|Sorath page 595||Jaitsri page 696||Todi page 711||Bairarri page 719|
|Tilang page 721||Tilang Kafi p.726||Suhee page 728||Suhee Kafi page 751|
|Suhee Lalit page 793||Bilaval page 795||Bilaval Dakhani p. 843||Gound page 859|
|Bilaval Gound p. 874||Ramkali page 876||Ramkali Dakhani 907||Nut Narayan p. 975|
|Nut page 975||Mali Gaura p.984||Maru page 989||Maru Kafi page 1014|
|Maru Dakhani 1033||Tukhari p. 1107||Kedara page 1118||Bhairo page 1125|
|Basant page 1168||Basant Hindol 1170||Sarang 1197||Malhar page 1254|
|Kanada page 1294||Kalyan page 1319||Kalyan Bhopali 1321||Parbhati 1327|
|Parbhati Bibhas 1327||Parbhati Dakhani 1344||Bibhas Parbhati 1347||Jaijaivanti p.1352|
Reverence, Care and Recitation
The text of SGGS is on 1,430 angs (pages) and includes 5,894 śabads (line compositions). These are poetically rendered and set to a rhythmic north Indian classical form of music. Most of the text is set into 31main ragas with each raga subdivided according to length and author. In most cases, the writer and the raga form the prefix for example , hymn starting with Asa Mahala pehla means that the hymn is set in Raga Asa and is written by the First Guru (Mahala refers to Guru). Throughout the text, the word Rahao (meaning pause) recurs after a hymn. It is also recited with the text though not while singing that hymn.
Guru Granth Sahib is not only the accepted Guru of the Sikhs but is also unconditionally revered and to some extent, even idolised. It is elaborately wrapped in special fabrics and placed on a pedestal higher than anything else. It is ceremoniously opened every morning and closed in the evening. In urban, well-endowed gurudwaras it is placed in an air conditioned room for “comfort”. Any person of any faith can enter a gurudwara with bare feet, and covered head and pay obeisance, standing in front of the holy book with folded hands, making a totally voluntary donation and lowering the forehead while kneeling on the ground as a mark of respect. After that the devotee may sit cross-legged any where alongwith the congregation. In recent years, chairs have been installed for the elderly in a section of the hall.
Any person who can read Gurmukhi, can read and recite SGGS and its recitation by an appointed priest is not at all mandatory. It can be read at any time of the day keeping in view specific hymns for specific occasions and time of the day. One can recite a particular hymn or a complete prayer at one sitting. While being in the presence of SGGS, before or after recitation, it is mandatory to remove one’s shoes, cover the head and not posess any tobacco or other narcotics. While in the presence of SGGS or during the singing of hymns, no verbal praise, wah wah or clappings are permitted at all. Current stipulations demand that whenever the holy book is transported from on location to another, it must be escorted by five Sikhs (Panj Pyare).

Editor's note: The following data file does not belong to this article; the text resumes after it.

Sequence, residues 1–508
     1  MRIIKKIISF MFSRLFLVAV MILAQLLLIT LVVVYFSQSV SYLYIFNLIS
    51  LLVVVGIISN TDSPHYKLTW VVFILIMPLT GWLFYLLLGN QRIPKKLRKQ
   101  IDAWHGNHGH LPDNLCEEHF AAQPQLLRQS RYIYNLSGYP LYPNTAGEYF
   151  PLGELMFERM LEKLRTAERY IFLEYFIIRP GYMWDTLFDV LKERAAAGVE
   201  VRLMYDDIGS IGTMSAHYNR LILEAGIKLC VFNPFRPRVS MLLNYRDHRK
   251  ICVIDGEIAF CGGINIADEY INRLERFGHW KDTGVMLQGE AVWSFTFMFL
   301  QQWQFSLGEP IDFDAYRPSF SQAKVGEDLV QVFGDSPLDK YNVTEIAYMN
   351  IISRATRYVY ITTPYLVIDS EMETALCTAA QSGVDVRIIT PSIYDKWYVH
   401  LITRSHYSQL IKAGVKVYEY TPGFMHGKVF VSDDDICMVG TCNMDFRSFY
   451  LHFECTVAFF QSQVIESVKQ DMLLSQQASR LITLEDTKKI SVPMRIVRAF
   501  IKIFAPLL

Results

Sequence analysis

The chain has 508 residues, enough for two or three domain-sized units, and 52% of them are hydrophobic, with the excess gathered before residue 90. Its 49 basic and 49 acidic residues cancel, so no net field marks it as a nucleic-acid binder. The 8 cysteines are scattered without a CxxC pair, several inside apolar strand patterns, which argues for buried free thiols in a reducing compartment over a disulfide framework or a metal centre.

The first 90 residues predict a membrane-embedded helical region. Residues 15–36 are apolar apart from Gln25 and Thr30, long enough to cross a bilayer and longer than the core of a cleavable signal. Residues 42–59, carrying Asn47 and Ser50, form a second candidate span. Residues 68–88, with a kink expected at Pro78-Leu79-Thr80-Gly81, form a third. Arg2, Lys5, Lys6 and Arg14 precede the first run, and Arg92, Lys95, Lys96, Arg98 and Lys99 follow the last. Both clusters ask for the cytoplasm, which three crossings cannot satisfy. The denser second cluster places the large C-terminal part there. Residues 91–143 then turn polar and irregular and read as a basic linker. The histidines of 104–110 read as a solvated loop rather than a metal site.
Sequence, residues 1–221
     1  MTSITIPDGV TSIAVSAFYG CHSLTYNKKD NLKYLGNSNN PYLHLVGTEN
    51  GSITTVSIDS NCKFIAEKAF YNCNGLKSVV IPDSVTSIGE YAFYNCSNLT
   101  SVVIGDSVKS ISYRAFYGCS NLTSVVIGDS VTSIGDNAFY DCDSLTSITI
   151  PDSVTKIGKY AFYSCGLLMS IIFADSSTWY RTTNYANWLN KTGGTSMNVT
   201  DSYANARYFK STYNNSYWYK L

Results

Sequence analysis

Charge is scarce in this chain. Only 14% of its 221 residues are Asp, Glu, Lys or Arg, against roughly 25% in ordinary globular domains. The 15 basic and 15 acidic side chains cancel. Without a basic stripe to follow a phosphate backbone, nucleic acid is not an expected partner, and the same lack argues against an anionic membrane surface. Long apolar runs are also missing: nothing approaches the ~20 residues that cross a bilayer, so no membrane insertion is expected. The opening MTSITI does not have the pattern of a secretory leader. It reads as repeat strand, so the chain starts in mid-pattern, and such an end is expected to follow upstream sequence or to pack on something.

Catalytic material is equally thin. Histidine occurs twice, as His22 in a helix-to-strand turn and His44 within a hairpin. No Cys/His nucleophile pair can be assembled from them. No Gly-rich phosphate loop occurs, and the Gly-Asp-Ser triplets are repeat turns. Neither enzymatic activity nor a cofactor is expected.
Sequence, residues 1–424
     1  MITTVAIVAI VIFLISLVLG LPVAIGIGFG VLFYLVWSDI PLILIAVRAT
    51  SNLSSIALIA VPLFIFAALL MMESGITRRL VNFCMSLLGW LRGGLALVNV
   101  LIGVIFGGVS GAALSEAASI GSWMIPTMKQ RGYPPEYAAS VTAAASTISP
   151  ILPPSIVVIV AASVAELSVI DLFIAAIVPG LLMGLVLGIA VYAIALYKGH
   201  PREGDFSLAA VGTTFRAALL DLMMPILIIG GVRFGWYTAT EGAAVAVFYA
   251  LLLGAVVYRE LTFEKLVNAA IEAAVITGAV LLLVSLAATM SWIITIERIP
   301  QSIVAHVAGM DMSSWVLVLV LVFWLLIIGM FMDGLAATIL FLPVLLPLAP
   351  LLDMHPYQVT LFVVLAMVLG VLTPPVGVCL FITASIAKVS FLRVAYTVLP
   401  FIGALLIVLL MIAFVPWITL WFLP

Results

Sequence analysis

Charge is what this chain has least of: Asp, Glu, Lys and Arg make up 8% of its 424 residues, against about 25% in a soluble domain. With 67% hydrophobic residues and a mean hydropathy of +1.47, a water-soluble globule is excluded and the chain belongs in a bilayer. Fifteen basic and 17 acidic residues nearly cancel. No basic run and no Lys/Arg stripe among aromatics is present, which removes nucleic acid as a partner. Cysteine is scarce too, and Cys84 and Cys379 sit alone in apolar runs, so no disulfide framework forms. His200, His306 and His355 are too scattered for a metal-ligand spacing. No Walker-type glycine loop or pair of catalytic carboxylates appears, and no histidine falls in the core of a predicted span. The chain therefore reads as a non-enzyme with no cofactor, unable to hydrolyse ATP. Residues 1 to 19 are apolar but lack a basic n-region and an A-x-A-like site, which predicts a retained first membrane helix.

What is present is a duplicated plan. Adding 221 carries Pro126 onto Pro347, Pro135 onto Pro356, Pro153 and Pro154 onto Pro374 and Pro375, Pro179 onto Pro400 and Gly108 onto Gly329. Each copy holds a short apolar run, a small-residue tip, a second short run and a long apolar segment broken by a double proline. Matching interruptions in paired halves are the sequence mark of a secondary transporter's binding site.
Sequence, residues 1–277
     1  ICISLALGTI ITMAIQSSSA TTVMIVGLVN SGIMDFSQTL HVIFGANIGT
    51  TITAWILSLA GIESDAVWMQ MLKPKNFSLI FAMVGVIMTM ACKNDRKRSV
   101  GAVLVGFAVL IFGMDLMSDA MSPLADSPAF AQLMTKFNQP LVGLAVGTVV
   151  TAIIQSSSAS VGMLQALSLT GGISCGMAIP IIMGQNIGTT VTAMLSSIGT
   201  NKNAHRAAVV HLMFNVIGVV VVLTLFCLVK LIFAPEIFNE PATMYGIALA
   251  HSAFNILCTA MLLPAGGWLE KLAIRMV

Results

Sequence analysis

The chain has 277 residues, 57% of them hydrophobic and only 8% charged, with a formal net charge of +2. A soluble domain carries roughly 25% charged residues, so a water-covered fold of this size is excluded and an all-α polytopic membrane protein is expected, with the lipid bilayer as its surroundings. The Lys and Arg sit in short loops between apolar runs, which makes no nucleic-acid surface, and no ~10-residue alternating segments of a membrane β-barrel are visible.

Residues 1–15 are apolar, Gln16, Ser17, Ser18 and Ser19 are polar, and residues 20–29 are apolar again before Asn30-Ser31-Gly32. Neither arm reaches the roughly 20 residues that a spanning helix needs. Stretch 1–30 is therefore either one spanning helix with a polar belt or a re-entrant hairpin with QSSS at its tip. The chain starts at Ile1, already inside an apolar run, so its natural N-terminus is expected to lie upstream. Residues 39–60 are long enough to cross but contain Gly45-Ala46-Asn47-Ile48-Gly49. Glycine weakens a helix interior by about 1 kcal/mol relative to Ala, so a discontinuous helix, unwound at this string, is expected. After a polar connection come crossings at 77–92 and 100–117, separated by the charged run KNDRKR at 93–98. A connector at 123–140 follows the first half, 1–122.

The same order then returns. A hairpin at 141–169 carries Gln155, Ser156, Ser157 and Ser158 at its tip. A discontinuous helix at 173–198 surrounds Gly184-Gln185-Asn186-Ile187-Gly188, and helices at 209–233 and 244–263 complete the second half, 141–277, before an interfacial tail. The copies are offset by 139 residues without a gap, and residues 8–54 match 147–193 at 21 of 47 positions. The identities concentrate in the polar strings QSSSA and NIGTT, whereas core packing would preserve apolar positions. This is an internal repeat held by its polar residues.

The daily Nitnem (daily practice) of a Sikh consists in recitation of five prayers, an integral part of the life of a Sikh. Its components and their average duration in minutes are Japuji Sahib (15), Jaap Sahib (15) and ten Savaiyye (5) which form the set of morning prayers; Sikhs often combine the morning prayers with the Anand (bliss) Sahib, Shabad Hazare (10) and the Sukhmani Sahib (60-70). Sodar Rahras Sahib (15) is the evening prayer and Kirtan Sohila (10) is recited before one sleeps.
Guru Granth Sahib begins with Japji Sahib, preceded by mool mantra, which represents the core of Sikh philosophy. Most of the Jaap Sahib, composed by Guru Gobind Singh, forms first part of another Sikh scripture, the Dasam Granth. Jaap Sahib has 199 verses, proclaiming the attributes of the supreme truth, Satnam. Unlike, Japji Sahib, Jaap Sahib is composed predominantly in Braj bhasha, Sanskrit and includes some Persian words. The third morning prayer consists of 10 Savaiyye. This bani originally forms a part of Akal Ustat, praise of the Timeless, also composed by Guru Gobind Singh.
Jaap Sahib, 10 Sawaiyes and Akal Ustat are not a part of SGGS.
Several Sikh prayers are time and occasion-specific. Thus Rehras Sahib is an evening prayer, Baraa Mahaa contains verses devoted to each of the12 months and verses pertaining to a specific month are recited at the start of that month, Laavan is the prayer sung while conducting a Sikh wedding and then there are specific hymns which are recited after a funeral. Aardas is recited as a closing after a prayer session/ function and Raag mala describes the various ragas used in SGGS.
The guidance of SGGS is also sought for naming a new born child which by itself is an interesting statistical exercise. The priest opens the holy book at random in the presence of the family. The first letter on the left hand page is announced and the family is asked to give the child any name they like which starts with that letter.
An uninterrupted recitation of SGGS, Akhand Paath, is meant to be completed in 48 hours at the rate of approximately two pages per minute. This is done by a relay of readers day and night in convenient sittings. They can be paid readers, householders or public persons . There is no evidence when the presently-popular practice of conducting or ‘sponsoring’ an Akhnad Paath started. Sampath Paath refers to completing the recitation of SGSS in a week while an open Paath has no time frame as it is upto the individuals.
Dr HLS Tandon, Ph.D. (Illinois, USA)